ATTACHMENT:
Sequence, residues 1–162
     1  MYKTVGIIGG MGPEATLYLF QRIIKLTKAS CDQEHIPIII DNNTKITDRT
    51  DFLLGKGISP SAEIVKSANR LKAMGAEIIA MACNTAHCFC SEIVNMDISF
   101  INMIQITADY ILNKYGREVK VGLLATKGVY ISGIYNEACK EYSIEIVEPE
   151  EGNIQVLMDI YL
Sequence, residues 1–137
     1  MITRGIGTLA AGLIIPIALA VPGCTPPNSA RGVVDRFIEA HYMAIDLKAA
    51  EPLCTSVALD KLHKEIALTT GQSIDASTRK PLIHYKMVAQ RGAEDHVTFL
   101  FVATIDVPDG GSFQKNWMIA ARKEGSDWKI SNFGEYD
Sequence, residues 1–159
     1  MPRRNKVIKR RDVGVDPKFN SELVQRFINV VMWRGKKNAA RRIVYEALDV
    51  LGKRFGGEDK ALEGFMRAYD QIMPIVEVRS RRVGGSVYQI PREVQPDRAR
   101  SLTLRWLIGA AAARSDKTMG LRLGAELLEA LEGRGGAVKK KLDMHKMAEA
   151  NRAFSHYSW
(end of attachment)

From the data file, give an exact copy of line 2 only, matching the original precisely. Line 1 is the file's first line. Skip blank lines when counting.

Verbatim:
     1  MYKTVGIIGG MGPEATLYLF QRIIKLTKAS CDQEHIPIII DNNTKITDRT